2. I once got burned by an employer not taking enough out and I've vowed never to let it happen again. Both DH and I claim 0 dependents, even though we have little ones. I realize this isn't the smartest move, but I also understand how much it sucked to have a huge tax bill we had to struggle for months to pay. 

    This except ours is because we own 2 rental properties and have been doing work on them.  We live in one of the rentals so any outside improvements and some utilities count 50% towards the rental units. 

  • image MrsPM:
    image Passanie:

    Ugh. We're getting $145 back from federal and owe $97 state.

    We'd always heard people talk about the huge tax refunds they got when they bought a house that we were expecting one too. Nope. Guess you have to have kids for that.

    This is really good!  This means you didn't have the government holding onto your money throughout the year and you had it in savings.  The closer to net zero you are the better. Those who are getting $5000 back really need to evaluate how much you are letting them take out of your check!

     

    I was kind of bummed we're only getting like $300 back, but then was thinking the same thing. I'd rather have a little more throughout the year than to pay in more and get a lump sum back this time of year. This is the closest we've ever cut it to $0 so will probably stick with the same deductions for next/this year.

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  • image emoflamingo:
    image apugglesmom:

    image emoflamingo:
    My MIL (finally) said we're getting a refund. Even though I am taking out way too little of my paycheck (oops), I did consolidate my student loans and I think we still qualify child tax credit. I need to fix my W-4 still. Honestly, even though "refunds" are frowned upon, we don't mind because it's like a savings account we can't touch so we'll get a surprise in the spring to put towards whatever we want. Ours will go towards finishing up our house to put on the market.

    Why don't you just have money direct deposited into a savings account where you can earn interest instead of letting the gov't hold that money interest free? 

    Because it's our choice. I know more MM people don't agree with it but it's easiest for us, especially since if it's in a savings account we can access, it could be used and then if we end up owing money at the end of the year, we'd be boned. We can only budget for so much crap to happen in one year. (This year, we had a new roof, $300 in heater repairs because of the roof, invested $500 in a car we ended up having to replace anyways, plus about $1,000 so far into the house we're trying to get out of.) 

    This is us too. I would rather be able to splurge a little. We do have a savings accounts but once we built it up something happens....like a car deductible for hitting a deer.  

    image
  • image starinyte:

    We got a super huge chunk (way north of the highest on this poll) back this year for two reasons:

    1. We had a ton of deductions. The biggest ones were childcare and learning credit since DH is in grad school.

    2. I once got burned by an employer not taking enough out and I've vowed never to let it happen again. Both DH and I claim 0 dependents, even though we have little ones. I realize this isn't the smartest move, but I also understand how much it sucked to have a huge tax bill we had to struggle for months to pay.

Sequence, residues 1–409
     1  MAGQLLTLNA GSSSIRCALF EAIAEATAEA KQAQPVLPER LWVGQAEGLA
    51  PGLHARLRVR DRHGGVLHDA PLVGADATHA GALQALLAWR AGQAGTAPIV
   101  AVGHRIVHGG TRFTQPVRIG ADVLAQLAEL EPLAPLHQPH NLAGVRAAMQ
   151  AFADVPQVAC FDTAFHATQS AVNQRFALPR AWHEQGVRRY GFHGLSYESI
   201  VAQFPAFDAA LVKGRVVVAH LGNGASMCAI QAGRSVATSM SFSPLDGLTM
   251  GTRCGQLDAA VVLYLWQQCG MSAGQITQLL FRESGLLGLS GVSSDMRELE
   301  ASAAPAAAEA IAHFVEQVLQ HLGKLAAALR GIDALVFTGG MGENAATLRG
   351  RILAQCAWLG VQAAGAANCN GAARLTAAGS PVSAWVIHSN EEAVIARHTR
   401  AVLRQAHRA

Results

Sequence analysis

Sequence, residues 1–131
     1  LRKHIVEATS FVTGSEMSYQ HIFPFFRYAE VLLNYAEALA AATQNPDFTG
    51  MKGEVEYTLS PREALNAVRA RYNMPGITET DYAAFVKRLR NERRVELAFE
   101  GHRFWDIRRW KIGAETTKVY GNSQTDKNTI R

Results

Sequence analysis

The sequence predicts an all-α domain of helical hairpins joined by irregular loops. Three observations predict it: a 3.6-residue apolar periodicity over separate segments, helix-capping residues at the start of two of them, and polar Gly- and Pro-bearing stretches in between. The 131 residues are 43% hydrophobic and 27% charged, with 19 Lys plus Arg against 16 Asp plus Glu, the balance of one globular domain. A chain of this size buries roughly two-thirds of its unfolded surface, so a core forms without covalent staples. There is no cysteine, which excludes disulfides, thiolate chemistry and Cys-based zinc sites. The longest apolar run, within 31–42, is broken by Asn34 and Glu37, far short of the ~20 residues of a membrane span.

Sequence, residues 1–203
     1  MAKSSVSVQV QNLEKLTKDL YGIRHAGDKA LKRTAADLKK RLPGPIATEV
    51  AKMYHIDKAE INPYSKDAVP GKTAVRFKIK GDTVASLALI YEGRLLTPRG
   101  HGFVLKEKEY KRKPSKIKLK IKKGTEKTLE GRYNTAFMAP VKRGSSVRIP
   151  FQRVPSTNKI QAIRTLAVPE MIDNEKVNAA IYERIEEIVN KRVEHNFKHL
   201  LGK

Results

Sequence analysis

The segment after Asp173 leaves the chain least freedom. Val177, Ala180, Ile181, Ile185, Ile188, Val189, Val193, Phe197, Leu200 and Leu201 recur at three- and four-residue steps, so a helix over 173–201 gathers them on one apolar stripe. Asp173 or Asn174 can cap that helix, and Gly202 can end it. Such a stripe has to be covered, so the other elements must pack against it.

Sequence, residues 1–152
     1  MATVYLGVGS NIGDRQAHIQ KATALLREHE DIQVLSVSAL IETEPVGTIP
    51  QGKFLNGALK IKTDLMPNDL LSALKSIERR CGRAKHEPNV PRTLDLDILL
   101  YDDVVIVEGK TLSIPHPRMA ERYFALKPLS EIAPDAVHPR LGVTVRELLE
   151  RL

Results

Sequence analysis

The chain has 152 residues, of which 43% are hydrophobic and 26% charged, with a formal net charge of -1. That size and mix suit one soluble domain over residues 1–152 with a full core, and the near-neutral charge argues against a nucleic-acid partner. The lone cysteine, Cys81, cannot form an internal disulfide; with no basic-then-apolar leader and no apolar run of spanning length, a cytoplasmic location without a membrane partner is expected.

This is us also. Way north of the $5k. It's because of DH's profession, me being a SAHM, and our deductions. We also claim O with dependents. We'd rather have the money now, because it will just get spent on frivalous things during the year.  

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  • image sierramist_03:
    image emoflamingo:
    image apugglesmom:

    image emoflamingo:
    My MIL (finally) said we're getting a refund. Even though I am taking out way too little of my paycheck (oops), I did consolidate my student loans and I think we still qualify child tax credit. I need to fix my W-4 still. Honestly, even though "refunds" are frowned upon, we don't mind because it's like a savings account we can't touch so we'll get a surprise in the spring to put towards whatever we want. Ours will go towards finishing up our house to put on the market.

    Why don't you just have money direct deposited into a savings account where you can earn interest instead of letting the gov't hold that money interest free? 

    Because it's our choice. I know more MM people don't agree with it but it's easiest for us, especially since if it's in a savings account we can access, it could be used and then if we end up owing money at the end of the year, we'd be boned. We can only budget for so much crap to happen in one year. (This year, we had a new roof, $300 in heater repairs because of the roof, invested $500 in a car we ended up having to replace anyways, plus about $1,000 so far into the house we're trying to get out of.) 

    This is us too. I would rather be able to splurge a little. We do have a savings accounts but once we built it up something happens....like a car deductible for hitting a deer.  

    I'm curious about this. If you have to pay a car deductible for hitting a deer, then wouldn't it be better that your savings has enough to pay the deductible and still have money leftover?